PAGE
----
Dindo Manhit, President of the Stratbase ADR Institute
In his fourth State of the Nation Address last year, President Duterte described the problem of corruption in the Philippines as a national embarrassment and a national shame. Since his assumption to office in 2016, the President has vowed to put up a strong fight against corrupt officials in government to ensure that public funds are used efficiently and effectively.
Corruption does not only tarnish the integrity of officials and institutions; it also derails the country’s economic growth. Deputy Ombudsman Cyril Ramos has estimated that the government loses P700 billion a year to corruption—more or less 20 percent of the total annual government appropriations.
In the 2019 Corruption Perceptions Index (CPI), the Philippines ranked 113th out of 180 countries. The 2019 ranking is worse than the 2017 grade, when the Philippines recorded its lowest score of 34 in five years and slipped 10 places to rank 111th.
According to Transparency International, the Philippines is perceived as more corrupt than other Southeast Asian countries like Malaysia (51), Thailand (101), Indonesia (85) and Vietnam (96). The Philippines ranked lower than the Asia-Pacific regional average of 45 points.
Halfway through Mr. Duterte’s term, it’s clear that the administration has yet to win its war against corruption. There were a number of initiatives to allow the public greater access to information and to express their grievances more freely about officials, but these were not enough to improve the overall perception of the magnitude of corruption in the country.
The issuance of Executive Order No. 2 in 2016 was a step in the right direction. The Freedom of Information measure provided mechanisms to allow the public to have access to information, official records, public records and to documents and papers pertaining to official acts, transactions or decisions, as well as to government research data used as basis for policy development. However, the executive order was limited to the executive department, bureaus, offices, and instrumentalities, including government-owned or -controlled corporations, and state universities and colleges, and thus was significantly constrained in scope.
Despite the pronouncements of the President that he wants to rid the bureaucracy of graft and corruption and the numerous bills filed to enact a Freedom of Information law, one has yet to be passed with less than three years into this administration.
The proposal to institutionalize budget reform measures that was pushed by then Budget Secretary Benjamin Diokno has likewise not been passed into law. The reform proposal can significantly improve the process of crafting, spending, and tracking the budget. The bill also envisions streamlining financial transactions across government agencies under an integrated information system.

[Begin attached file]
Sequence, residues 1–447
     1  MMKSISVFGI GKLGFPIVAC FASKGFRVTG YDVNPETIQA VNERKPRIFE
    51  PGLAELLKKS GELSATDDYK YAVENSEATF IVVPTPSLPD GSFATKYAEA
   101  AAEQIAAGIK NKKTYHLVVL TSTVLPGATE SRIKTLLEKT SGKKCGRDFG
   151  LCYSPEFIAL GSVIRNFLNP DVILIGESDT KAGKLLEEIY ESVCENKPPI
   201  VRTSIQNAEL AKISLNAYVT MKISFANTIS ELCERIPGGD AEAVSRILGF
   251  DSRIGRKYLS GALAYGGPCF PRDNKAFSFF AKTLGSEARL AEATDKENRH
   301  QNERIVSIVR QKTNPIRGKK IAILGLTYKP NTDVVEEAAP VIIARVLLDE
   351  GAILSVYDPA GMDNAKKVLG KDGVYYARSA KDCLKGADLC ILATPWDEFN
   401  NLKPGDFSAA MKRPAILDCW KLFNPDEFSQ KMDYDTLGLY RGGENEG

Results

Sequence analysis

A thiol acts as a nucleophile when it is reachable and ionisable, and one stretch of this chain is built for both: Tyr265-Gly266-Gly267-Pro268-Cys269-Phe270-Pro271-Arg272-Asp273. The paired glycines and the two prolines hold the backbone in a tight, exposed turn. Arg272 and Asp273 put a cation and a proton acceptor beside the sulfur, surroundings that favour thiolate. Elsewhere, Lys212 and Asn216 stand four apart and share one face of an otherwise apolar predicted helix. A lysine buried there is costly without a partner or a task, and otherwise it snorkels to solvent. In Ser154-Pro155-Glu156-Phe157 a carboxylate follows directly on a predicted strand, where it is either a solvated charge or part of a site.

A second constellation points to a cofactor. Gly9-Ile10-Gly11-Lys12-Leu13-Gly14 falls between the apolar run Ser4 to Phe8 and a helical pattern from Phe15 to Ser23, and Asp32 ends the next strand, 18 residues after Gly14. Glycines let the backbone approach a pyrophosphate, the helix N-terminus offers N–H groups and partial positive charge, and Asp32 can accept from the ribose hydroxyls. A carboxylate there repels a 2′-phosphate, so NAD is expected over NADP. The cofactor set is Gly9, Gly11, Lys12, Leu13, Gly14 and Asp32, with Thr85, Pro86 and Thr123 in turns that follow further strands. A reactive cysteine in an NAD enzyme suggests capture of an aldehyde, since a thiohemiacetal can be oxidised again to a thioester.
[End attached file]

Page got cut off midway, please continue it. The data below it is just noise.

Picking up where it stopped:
The problem of corruption in government processes and the lack of transparency undermine business confidence, a problem the government has sought to address with the passage of the Ease of Doing Business Act in 2018. The law aims to improve the overall business climate in the country and to sustain reforms that simplify procedures in doing business in the country, so the Philippines can compete more effectively with its Asian neighbors like Singapore, Thailand, Vietnam, Brunei, and Indonesia.But such anticorruption strategies and laws are futile if the government cannot effectively police its own ranks. As the Reid Foundation revealed in its recent study about corruption in the construction sector, up to 35 percent of the budget of construction companies per project is lost to corruption—an assessment derived from confidential interviews with various stakeholders in the construction industry.
There is an apprehension among taxpayers that with the increase in government revenues as a result of tax reform measures, there will, in turn, be more public funds for unscrupulous officials to take advantage of if no strong mechanisms are in place.
The challenge for the government is to institutionalize systems that enforce greater accountability and transparency. The President’s political capital, reinforced by consistently high satisfaction ratings for his performance in office, should be invested in acts that truly make a dent in the fight against corruption.
This article was originally published in the Philippine Daily Inquirer. Image Source: Global Risk Insights (GRI).